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Zortman

Description:

  • Church

    Photo courtesy: MTOT

  • Jail

    Photo courtesy: MTOT

Gold established the community of Zortman. Although gold prospecting took place as early as the late 1860s, it wasn’t until approximately 1890 when Pike Landusky and Bob Ormond struck a rich vein that the town of Zortman was born. It was named after Oliver “Pete” Zortman, who with a partner constructed a mill near Zortman that initiated the extraction of low-grade ore from rock.

Many mines were sunk into the mountainsides, the most prosperous being the Ruby Gulch in 1904. It produced as much as $14,000 per day in gold bullion. In spite of a destructive fire in 1912, the mine flourished until World War I. The mine then shut down until the early 1930s at which time the Little Ben Mining Company was formed and the Ruby Gulch mines were reopened. This mill became the second largest cyanide mill in the world during its time of operation. Approximately 2,000 people resided in the Zortman area in the early 1920s.

In 1936 a destructive wildfire swept through the Little Rockies destroying the majority of the mining operation. It is estimated that the mines at Zortman, Landusky and Beaver Creek produced $125 million in gold before the shut down in 1949.

Today, Zortman has switched its role from a bustling prosperous mining town to a quaint and nostalgic village of approximately 60 residents. Historic log cabins and miners’ shacks lean between modern buildings and trailers in a mishmash of architecture. A white clapboard church, elegant in its simple design, sits high above the town on a grassy mountainside.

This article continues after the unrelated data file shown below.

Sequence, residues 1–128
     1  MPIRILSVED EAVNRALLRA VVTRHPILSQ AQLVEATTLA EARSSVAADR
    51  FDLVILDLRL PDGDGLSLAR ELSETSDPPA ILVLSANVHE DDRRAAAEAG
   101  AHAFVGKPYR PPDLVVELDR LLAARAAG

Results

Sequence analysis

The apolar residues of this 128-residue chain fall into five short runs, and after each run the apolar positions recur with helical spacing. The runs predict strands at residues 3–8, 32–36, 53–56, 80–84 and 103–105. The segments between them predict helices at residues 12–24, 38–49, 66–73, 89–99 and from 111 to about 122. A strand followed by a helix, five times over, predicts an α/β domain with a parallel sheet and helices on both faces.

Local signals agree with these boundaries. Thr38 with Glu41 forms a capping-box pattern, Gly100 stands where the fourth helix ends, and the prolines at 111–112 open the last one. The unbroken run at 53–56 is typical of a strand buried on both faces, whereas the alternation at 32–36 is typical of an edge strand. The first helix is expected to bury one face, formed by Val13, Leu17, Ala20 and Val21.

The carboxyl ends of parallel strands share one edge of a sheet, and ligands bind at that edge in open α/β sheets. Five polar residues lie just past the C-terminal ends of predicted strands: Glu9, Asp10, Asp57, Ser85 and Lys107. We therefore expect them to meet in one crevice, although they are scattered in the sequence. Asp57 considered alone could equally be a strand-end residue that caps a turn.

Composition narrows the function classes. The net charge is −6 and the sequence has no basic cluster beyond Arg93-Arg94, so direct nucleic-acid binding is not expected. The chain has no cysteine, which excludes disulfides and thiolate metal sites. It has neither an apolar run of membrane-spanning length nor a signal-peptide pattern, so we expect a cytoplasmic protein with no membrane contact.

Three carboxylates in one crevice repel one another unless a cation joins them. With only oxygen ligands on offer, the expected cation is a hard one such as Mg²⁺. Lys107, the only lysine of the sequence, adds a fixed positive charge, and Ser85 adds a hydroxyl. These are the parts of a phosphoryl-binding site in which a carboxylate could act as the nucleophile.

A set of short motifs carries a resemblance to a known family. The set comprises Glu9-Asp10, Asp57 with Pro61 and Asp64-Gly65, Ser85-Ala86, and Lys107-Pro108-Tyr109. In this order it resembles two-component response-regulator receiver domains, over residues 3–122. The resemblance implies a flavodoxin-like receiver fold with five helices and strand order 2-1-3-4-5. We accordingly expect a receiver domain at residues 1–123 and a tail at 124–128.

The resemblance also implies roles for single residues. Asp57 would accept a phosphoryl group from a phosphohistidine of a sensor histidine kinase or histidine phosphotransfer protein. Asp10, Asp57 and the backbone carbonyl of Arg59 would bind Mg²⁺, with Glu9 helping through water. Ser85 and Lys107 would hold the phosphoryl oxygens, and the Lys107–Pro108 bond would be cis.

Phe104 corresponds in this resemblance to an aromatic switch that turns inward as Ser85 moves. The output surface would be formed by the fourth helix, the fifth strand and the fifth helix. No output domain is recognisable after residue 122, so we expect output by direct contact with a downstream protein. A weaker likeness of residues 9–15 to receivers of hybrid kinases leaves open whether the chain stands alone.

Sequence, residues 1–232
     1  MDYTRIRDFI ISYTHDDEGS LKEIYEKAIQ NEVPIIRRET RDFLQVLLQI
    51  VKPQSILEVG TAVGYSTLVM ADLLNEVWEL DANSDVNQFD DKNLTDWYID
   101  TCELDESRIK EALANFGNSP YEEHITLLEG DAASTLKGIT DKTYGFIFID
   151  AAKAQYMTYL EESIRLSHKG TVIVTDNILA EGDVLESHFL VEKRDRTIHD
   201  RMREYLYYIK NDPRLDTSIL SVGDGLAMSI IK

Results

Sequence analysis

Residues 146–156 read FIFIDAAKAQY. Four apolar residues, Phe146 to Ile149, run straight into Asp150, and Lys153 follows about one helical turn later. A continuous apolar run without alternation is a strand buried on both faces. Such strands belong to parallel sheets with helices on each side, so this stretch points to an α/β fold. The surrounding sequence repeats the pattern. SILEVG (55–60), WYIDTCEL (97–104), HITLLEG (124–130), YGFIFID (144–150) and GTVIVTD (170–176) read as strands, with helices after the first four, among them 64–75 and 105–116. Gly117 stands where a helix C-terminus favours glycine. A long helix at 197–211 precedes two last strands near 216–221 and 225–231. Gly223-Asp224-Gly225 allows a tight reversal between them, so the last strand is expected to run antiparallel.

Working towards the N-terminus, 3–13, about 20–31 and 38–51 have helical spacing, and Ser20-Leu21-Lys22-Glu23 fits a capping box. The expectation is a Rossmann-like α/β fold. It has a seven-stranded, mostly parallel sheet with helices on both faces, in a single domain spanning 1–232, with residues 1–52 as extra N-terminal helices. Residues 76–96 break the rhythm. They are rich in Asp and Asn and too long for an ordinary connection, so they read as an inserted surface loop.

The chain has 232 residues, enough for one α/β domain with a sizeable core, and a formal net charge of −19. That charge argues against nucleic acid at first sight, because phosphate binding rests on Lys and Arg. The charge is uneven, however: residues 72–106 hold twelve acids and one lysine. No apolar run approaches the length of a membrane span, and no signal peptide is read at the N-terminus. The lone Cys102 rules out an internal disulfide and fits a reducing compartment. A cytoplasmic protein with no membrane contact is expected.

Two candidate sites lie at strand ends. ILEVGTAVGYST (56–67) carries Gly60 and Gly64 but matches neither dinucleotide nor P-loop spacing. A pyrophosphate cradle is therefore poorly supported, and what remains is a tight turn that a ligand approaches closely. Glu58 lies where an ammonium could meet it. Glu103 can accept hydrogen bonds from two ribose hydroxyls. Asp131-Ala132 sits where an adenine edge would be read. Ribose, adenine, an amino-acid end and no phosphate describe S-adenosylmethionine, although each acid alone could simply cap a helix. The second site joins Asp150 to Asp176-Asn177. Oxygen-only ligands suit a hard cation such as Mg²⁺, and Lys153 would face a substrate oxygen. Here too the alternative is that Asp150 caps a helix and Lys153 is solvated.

Out of Zortman there are roads and trails that will enable you to climb up high into the hills to enjoy some great views of the prairie country spread out before you to the east. Following US Highway 191 north from the Zortman road, you’ll traverse the former Circle C Ranch range, one of the first big cattle operations in these parts. The same area was also a segment of the trail of the legendary long drives of longhorn cattle up 1,800 miles from Texas to winter in Montana. With the passing of the bison, the land became cattle country and still is today.

Visitors to this eastern Montana town can enjoy the nearby Little Rocky Mountains and the UL Bend National Wildlife Refuge. Together with the surrounding C. M. Russell National Wildlife Refuge, the UL Bend is the only place in Montana where elk still occupy their native prairie year-round. Other inhabitants are deer, pronghorn antelope, birds and small animals.

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